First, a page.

It’s time to upgrade your webcam

Blow your unspent 2020 pants budget on a fancy camera.
Webcam clipped on to a computer monitor
This is good, but you can do better. Waldemar Brandt / Unsplash

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The COVID-19 pandemic and many industries’ subsequent transition to remote work meant many of us quickly became familiar with our webcams. Now, after hours spent staring into those little camera lenses, it’s time to upgrade.

It might not be the first part of your computer setup that you think about upgrading—a webcam generally just… works—but you might be missing out on the extra quality and flexibility that a new webcam brings.

And not every computer has a webcam right out of the box anyway. If you’re running a desktop PC or Mac that doesn’t have one, you’ll need to make yourself aware of what you’re looking for and why you need it.

Upgrades with benefits

If you do have a built-in webcam, paying for another one may seem like a frivolous expense, but there’s more than one reason to invest in better hardware. The first is better quality video—identify how many pixels your current webcam is pushing. This is usually referred to by the number of horizontal lines in each frame, so either 720p or 1080p on most devices.

Making the jump up to 1080p or 4K means a clearer, more detailed picture, with the main beneficiaries being the people who are watching you—from family members who get to see you in a higher resolution, to potential employers who come away with the impression that you know what you’re doing when it comes to technology.

Don’t forget the audio quality either: No matter the purpose of your video call, you’ll want to be heard. External webcams that plug into your computer will generally offer better mics than the built-in one you’re currently using, and some even come with advanced features like on-board noise cancelation.

[Related: Improve your remote meetings with this high-quality webcam and microphone]

Let’s talk about angles, too. A webcam built into your laptop or all-in-one computer is fixed—it can’t move unless the whole device does. Plug in an upgraded webcam over USB, and you can choose any angle you like (and any backdrop you like, too, perfect for showing off your carefully curated bookshelves).

At the more expensive end of the scale, you can get webcams with wide-angle lenses for fitting more in the frame, and with their own lights for keeping your face well-illuminated during your video chats. Some also come with bundled software for adjusting the color, contrast, and other attributes of your video feed.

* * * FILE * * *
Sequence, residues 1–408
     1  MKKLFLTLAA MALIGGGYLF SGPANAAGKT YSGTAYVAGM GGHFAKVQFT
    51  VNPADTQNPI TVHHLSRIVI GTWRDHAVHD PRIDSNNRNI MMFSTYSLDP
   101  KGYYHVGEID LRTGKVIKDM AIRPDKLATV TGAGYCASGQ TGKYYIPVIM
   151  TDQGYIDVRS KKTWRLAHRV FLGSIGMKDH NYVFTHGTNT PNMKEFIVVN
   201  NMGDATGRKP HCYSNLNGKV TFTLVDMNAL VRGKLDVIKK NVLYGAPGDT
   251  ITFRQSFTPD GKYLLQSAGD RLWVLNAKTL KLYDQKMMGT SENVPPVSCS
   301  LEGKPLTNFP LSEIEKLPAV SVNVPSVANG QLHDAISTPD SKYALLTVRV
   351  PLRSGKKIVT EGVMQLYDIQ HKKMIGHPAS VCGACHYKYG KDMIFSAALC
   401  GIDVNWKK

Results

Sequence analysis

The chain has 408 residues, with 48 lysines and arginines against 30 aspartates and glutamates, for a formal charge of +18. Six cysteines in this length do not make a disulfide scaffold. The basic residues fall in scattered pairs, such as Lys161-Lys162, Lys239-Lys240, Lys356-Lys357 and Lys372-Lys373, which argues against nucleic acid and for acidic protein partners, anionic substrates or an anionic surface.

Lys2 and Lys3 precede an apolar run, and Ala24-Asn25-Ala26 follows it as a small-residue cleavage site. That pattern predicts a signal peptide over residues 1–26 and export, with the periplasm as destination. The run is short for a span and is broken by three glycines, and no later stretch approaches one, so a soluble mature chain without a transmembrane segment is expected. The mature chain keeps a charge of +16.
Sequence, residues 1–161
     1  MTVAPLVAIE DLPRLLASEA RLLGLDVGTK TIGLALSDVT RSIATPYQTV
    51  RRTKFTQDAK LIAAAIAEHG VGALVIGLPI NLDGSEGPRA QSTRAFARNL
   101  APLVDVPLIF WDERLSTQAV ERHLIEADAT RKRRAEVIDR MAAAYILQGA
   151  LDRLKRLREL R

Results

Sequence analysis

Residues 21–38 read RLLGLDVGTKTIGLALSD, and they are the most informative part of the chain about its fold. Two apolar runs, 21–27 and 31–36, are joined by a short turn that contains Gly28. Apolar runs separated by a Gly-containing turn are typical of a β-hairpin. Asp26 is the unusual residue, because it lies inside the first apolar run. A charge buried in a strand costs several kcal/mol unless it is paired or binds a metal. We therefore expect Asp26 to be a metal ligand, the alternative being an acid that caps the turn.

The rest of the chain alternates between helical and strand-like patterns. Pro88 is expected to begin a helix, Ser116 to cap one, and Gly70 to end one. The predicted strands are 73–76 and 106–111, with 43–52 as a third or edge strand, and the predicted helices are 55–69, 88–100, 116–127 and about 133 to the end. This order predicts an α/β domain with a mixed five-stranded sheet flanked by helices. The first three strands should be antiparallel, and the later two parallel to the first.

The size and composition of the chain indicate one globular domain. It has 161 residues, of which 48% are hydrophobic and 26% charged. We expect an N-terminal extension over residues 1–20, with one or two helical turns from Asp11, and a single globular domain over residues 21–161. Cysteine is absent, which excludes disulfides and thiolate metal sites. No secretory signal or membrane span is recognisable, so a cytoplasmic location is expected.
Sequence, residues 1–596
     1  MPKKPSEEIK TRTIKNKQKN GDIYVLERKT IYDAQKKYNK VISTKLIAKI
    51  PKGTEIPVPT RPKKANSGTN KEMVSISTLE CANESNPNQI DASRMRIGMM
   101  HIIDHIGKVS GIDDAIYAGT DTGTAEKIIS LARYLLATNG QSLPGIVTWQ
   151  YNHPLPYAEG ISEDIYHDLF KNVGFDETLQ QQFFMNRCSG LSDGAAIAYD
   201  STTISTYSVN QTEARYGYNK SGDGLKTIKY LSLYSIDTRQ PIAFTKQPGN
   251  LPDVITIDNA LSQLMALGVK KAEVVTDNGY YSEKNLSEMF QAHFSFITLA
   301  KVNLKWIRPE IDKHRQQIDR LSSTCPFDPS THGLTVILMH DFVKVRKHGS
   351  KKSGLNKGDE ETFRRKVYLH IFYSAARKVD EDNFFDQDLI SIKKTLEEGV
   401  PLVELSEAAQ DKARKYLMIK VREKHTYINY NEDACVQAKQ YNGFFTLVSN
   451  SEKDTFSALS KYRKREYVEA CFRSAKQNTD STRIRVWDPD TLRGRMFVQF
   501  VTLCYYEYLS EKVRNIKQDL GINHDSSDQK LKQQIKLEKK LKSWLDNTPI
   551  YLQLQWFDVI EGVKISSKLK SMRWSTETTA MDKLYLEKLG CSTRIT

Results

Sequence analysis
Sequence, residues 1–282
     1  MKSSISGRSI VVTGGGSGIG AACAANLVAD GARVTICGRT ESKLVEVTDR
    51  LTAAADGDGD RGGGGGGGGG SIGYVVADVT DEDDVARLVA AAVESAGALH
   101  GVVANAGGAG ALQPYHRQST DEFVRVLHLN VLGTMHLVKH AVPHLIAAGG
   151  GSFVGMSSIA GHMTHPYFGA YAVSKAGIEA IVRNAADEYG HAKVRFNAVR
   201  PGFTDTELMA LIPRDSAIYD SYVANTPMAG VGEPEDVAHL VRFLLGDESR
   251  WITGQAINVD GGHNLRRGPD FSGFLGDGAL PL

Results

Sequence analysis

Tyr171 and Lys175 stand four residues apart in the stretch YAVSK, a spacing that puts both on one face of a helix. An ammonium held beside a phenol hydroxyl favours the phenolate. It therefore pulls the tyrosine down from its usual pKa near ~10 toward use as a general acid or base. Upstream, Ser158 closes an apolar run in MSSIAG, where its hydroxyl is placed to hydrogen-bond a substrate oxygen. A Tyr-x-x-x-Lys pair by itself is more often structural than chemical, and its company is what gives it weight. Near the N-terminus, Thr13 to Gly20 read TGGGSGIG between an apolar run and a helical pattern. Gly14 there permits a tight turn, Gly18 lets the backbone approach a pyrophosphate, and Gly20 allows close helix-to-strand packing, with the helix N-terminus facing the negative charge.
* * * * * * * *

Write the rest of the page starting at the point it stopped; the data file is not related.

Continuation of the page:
Not every webcam has all of these features, but this should give you an idea of the sort of upgrades that are available. Look out for specific privacy features as well, such as physical covers that slide across your webcam and block the lens while you’re not using it—this is easier than sticking tape over your webcam, anyway.

Choosing and installing a webcam

We’ve mentioned most of the key features to look out for in a new webcam, so pick the ones you like the sound of and shop accordingly. Video and audio quality should perhaps be your main considerations, and the price of each model will naturally play a part in your choice. You should also check out the kind of mounting options on each webcam, and the length of its USB cable—this will determine where you can and can’t place it.

[Related: It just got a lot easier to convert your DSLR or mirrorless camera into a webcam for free]

Make sure you double-check that the device and setup you’re planning works with your operating system, whether it’s Windows or macOS. Most webcams are compatible with both, but some aren’t, so check the specs and reviews carefully before purchasing. 

You don’t actually have to buy a webcam to get an upgrade, either, because numerous digital camera manufacturers have released software that lets you turn their devices into webcams. Canon, Sony, and Fujifilm are three of the big names that have this kind of software. If you own a DSLR, check with the manufacturer to see if this webcam functionality is available.

It’s even possible to use your smartphone as a webcam, if you have the right third-party app. DroidCam for Android and iOS is one of the best options we’ve come across, and it’s free, though it only works with Windows. We also like Camo for iOS, which isn’t available on Android but does cover Windows and macOS. (If you want video quality higher than 720p, you’ll also need to pay $5 a month for Camo Pro.)  Install one of these apps on your phone, and the equivalent desktop program on your PC, and they’ll take care of the necessary communications required between the devices.

Once you’ve purchased your webcam, the hard part is done. Installing the device simply involves plugging it into your computer: After a few seconds, Windows or macOS should recognize it, and it will then be available in your apps (Google Meet, Zoom, Microsoft Teams, Skype, and all the others will let you choose your webcam if several are available).

[Related: Look better on video calls using pro photography techniques]

You can use the Camera app on Windows or FaceTime on macOS to get the position and framing right for your new webcam, but to actually adjust key settings—such as the quality of the video feed and any available enhancements—you’ll need to delve into the software that came with the webcam or the configuration settings inside the application you’re using to make video calls.